Thursday, September 03, 2020

80th anniversary of the start of the Blitz - Monday 7 September


My Grandfather, Sgt John Gray, served in an anti-aircraft regiment during World War 2 and my family believe he was involved in defending London from Nazi air attacks. 

Hat tip Newham web page "Mayor Rokhsana Fiaz and Newham Council will be marking the 80th anniversary of the start of the Blitz by laying wreaths on 7 September to remember those who died at the hands of Hitler’s bombs.

Mayor Fiaz will be joined by Deputy Mayor Councillor Charlene McLean (Communities) and Deputy Mayor Councillor John Gray (Statutory) at the mass grave and memorial in Manor Park Cemetery, Sebert Road, Forest Gate, at 10.30am to pay tribute to the civilian casualties of the enemy bombing.

Councillor McLean, Cabinet member for community neighbourhoods, said: “There are residents who remember the Blitz through direct experience or have learned about it through family stories, school lessons, movies or remembrance commemorations. It is important that those who lost their lives are not forgotten. It is also important that we remember the difficulties that those who were left behind had to face.”

Newham Council is also hosting an online exhibition to commemorate the 80th anniversary of the Blitz.

Black Saturday -¬ Stories from the Blitz, features photographs and first-hand accounts from local residents who recall the first few days of the Second World War German bombing campaign, which lasted from September 1940 until May 1941.

The term Blitz was first used by the British press and is the German word for lightning. The bombing started on 7 September, or Black Saturday as it became known. For eight months, London was systematically attacked.

The aerial bombardment consisted of high explosive bombs and parachute mines, which had a devastating effect on the then boroughs of East Ham and West Ham. The Royal Docks area was one of the main targets for the Germans with the intention to damage the commercial life of London by bombing warehouses, wharves, railway lines, factories and power stations of the East End.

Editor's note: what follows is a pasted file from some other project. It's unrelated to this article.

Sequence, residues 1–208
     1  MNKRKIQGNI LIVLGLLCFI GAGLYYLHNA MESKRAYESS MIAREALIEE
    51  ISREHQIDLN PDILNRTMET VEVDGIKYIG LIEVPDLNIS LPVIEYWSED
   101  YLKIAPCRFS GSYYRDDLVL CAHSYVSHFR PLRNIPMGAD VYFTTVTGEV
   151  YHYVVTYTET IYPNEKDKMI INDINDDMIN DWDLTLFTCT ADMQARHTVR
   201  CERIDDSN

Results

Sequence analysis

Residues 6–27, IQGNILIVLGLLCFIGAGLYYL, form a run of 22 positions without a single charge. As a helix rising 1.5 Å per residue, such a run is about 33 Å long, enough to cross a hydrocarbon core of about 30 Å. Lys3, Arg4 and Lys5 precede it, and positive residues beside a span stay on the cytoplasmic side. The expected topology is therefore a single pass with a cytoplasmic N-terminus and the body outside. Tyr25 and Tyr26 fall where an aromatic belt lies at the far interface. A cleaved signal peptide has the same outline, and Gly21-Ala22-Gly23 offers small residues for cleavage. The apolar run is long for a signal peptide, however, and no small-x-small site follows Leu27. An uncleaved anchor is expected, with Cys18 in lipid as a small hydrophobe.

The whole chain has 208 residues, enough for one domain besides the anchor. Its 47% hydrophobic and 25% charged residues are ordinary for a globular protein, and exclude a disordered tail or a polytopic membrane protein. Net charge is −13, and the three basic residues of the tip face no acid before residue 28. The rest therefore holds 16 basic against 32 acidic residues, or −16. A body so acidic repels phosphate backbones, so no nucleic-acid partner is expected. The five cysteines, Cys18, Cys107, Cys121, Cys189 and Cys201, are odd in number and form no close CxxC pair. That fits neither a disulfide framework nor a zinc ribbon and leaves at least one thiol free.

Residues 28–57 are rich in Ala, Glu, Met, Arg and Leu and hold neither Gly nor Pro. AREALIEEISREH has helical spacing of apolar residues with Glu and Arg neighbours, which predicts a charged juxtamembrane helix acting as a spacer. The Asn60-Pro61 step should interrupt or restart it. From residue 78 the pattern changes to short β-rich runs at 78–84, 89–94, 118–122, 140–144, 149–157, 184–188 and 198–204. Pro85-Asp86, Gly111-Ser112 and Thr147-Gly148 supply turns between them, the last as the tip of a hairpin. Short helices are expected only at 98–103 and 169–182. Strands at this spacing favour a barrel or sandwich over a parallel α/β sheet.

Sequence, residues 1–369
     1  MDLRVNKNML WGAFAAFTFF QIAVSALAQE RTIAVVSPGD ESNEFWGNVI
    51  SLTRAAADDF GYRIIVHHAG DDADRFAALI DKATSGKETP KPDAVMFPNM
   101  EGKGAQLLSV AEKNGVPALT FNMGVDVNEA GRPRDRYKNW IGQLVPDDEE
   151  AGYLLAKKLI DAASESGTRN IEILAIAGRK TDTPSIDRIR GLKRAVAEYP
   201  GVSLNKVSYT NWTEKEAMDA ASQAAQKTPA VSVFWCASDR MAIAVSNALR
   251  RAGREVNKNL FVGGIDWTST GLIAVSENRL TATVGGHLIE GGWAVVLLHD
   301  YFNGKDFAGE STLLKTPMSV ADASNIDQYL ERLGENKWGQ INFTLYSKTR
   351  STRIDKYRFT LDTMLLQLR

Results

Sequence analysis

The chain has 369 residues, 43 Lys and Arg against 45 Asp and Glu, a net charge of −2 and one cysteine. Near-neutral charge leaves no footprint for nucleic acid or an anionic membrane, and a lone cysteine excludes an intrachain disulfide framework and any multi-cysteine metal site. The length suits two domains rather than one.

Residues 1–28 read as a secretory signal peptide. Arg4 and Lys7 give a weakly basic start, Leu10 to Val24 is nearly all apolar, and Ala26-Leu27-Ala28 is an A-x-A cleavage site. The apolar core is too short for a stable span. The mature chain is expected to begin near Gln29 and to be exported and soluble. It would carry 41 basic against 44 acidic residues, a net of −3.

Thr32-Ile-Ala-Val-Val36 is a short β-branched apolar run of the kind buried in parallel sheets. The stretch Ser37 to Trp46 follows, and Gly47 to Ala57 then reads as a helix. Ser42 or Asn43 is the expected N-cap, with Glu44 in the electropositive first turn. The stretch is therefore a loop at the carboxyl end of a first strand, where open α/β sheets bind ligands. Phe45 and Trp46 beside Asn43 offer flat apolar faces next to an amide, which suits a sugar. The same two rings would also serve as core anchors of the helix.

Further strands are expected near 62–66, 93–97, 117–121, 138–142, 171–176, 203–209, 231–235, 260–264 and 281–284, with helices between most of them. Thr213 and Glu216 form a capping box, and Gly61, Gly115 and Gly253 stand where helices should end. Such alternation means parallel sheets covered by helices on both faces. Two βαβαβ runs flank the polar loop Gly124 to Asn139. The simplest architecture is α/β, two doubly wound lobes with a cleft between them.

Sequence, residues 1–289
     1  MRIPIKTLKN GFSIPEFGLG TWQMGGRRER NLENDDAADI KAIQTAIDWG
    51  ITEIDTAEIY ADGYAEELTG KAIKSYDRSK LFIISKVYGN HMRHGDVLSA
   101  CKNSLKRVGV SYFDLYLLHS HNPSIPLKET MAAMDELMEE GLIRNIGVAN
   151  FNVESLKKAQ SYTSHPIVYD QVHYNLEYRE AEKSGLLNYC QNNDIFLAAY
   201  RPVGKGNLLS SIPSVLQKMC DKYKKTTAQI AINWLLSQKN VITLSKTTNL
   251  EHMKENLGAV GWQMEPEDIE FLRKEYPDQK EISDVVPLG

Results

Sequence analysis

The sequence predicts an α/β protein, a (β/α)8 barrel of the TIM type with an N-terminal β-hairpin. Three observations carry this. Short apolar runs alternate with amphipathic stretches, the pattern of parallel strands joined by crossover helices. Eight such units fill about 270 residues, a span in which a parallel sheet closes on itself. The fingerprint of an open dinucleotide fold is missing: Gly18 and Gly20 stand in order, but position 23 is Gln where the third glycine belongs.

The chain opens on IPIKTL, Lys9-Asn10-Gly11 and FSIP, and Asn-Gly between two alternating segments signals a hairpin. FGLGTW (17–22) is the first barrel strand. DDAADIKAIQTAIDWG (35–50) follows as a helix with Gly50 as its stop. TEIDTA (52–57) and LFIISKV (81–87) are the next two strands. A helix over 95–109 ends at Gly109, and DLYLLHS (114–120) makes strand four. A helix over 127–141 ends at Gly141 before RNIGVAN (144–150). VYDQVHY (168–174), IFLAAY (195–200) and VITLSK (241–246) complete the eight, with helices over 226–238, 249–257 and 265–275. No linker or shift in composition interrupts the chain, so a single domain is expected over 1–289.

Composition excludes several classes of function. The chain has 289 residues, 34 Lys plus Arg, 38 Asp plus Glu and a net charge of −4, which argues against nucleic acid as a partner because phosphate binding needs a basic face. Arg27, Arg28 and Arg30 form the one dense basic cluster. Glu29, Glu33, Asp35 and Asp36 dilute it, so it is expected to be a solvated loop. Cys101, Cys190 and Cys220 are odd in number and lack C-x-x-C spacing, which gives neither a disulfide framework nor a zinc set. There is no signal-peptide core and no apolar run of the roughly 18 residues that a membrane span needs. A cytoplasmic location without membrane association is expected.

The Blitz ended on 11 May 1941 when Adolf Hitler called off the raids in order to move his bombers east for Germany's invasion of Russia.

Councillor McLean added: “The online exhibition tells the story of those early days in one of the darkest periods in our local history. The German Luftwaffe tried to break the spirit of this part of the East End, but they failed. The first-hand accounts of local residents are as awe-inspiring as they are tragic.”

You can visit the online exhibition and read the stories from the early days of the Blitz.

An online Facebook Live discussion will be taking place on 7 September at 6pm hosted by journalist Marieta Evans, co-founder of the Royal Docks History Club. Confirmed speakers include local writers and historians including former Newham Recorder editor and Royal Docks Forgotten Stories blogger Colin Grainger, former North Woolwich police officer Alan Godfrey, and Peter Stone, author of The Port of London. You can take part in the conversation though the Newham Events Facebook page.

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